At Peace First, it’s Young People Who Are the Real Positive Influencers
I was an angry kid. Less of a “get-into-fights-skip-school-stick-it-to-the-Man” angry kid and more of a “why-is-the-world-so-messed-up-and-no-one-is-doing-anything-about-it” angry kid. It started in my first year of high school. I went to a huge public high school in the Midwest. It was the start of the inclusion movement when students with disabilities were being mainstreamed – included in “regular” education classes – many for the first time. Every day, I would watch students with disabilities being mercilessly teased, humiliated – even beat up. So a few classmates of mine and I started rallying students to take a stand and to shift the culture of our school to make this type of bullying unacceptable. This, of course, didn’t feel like enough so we organized ourselves to bring disability awareness workshops to the elementary schools in our district.
I was lucky enough to get a scholarship to Harvard, which opened up a lot of doors for me. I co-founded Peace First there to pursue a deep conviction: that young people were natural problem-solvers and creative thinkers; that they had an innate sense of justice and a real desire to help others. Young people like Raul, who brought rival gangs together for a cease-fire in his neighborhood. Or Julia who started a gay-straight alliance at her high school after students were being beat up. Or young Tamika who got her neighbors to create a mural to cover up graffiti. These are the positive influencers and “peacemakers” I have come to know through Peace First.
But sadly, young people's courageous acts of social justice and peacemaking are rarely told. Anti-bullying regulations, zero-tolerance policies, metal detectors and police officers in schools all send the same message: young people are problems to be fixed. According to the Berkley Media Studies Group, only 1 percent of news stories about young people are positive.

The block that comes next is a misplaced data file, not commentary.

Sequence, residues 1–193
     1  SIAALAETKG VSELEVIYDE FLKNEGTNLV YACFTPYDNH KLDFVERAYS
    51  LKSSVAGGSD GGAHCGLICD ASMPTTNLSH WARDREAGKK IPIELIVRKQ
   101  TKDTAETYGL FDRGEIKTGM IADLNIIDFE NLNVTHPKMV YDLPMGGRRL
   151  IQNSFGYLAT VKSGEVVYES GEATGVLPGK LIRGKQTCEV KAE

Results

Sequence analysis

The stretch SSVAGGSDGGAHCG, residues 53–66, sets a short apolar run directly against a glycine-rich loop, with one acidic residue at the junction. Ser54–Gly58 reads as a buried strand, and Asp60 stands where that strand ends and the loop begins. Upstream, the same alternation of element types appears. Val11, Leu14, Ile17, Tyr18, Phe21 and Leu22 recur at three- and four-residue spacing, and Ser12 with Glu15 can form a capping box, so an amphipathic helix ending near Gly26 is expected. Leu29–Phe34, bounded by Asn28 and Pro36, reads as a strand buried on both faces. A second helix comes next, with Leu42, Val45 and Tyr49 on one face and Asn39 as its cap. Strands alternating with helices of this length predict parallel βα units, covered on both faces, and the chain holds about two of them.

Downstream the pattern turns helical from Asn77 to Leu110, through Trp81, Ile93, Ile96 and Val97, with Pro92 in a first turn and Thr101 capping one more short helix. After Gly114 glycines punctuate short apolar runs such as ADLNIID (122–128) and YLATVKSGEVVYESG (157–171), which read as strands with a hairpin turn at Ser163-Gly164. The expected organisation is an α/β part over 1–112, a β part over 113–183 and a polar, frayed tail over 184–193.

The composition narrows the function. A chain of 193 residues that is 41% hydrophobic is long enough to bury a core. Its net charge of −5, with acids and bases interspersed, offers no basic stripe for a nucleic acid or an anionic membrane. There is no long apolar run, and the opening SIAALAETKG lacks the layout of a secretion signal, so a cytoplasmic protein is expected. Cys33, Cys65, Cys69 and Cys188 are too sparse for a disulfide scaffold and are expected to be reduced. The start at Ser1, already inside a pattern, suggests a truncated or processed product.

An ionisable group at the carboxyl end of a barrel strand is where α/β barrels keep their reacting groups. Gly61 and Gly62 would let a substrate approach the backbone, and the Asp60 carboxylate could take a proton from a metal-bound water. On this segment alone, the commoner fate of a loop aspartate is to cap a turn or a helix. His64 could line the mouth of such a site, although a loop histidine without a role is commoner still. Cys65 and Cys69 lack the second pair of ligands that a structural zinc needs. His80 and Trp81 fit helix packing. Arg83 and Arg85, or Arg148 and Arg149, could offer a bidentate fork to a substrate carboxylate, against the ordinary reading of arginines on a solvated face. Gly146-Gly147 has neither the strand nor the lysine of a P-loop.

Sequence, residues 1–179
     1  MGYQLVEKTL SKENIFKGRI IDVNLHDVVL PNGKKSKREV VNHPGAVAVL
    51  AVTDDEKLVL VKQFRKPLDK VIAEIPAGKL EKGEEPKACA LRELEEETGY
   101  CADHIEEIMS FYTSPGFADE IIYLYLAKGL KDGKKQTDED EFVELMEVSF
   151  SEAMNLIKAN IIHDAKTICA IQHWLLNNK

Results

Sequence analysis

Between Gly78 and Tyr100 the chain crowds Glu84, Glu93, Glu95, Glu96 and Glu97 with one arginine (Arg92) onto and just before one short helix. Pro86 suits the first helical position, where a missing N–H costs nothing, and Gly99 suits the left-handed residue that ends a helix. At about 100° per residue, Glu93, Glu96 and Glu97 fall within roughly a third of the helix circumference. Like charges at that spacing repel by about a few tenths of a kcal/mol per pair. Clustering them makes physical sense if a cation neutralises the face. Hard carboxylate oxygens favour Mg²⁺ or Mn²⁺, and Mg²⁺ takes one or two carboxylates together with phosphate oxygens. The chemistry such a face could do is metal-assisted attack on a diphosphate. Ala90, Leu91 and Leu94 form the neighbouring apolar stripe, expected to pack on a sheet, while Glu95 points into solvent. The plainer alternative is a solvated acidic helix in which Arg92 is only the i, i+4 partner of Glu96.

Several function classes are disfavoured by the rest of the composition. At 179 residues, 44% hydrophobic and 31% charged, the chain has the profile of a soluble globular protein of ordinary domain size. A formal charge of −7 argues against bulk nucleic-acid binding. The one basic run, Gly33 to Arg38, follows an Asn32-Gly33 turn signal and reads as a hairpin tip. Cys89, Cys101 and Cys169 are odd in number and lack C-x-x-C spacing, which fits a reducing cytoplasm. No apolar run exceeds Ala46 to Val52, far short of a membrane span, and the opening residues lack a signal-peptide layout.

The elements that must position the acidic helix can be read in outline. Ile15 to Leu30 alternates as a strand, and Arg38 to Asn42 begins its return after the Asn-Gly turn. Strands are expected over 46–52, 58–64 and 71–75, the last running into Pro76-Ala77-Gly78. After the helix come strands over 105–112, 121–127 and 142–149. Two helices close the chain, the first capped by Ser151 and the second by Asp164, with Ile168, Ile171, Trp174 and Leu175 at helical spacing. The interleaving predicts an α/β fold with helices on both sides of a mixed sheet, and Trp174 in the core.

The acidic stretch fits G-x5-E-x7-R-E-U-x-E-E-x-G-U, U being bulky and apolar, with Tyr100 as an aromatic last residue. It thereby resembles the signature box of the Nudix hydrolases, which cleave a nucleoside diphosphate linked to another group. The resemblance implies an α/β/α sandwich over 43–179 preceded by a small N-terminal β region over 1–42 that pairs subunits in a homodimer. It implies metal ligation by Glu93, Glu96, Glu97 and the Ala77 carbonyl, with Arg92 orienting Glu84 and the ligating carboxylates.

We know that’s not the full story and that young people deserve recognition for their leadership and their solutions. That’s why Peace First, in partnership with America’s Promise and 12 other national nonprofits, will be launching the Peace First Prize this winter. The Prize will celebrate the positive contributions young people (ages 8-22) are making to their schools and communities and share their stories with the country. Prize winners will be chosen based on their compassion, courage and ability to engage others to create positive change. Here’s the kicker – winners will each receive a $50,000 Peace First Fellowship to further their peacemaking projects. We’re serious about this investment in future peace leaders. We want to hear from you. We want to share your work with young people and adults across the country and inspire others to follow in your footsteps. Get involved with the Prize – spread the word or apply yourself.
The Prize is a step toward changing the way adults think about young people while mobilizing young people to be engaged community leaders. It’s our way of harnessing your energy, passion, frustration and deep sense of justice in positive ways. So that your work as “positive influencers” will grab headlines ...and leave the negative talk behind.
- Check out www.peacefirst.org to learn more about the Prize.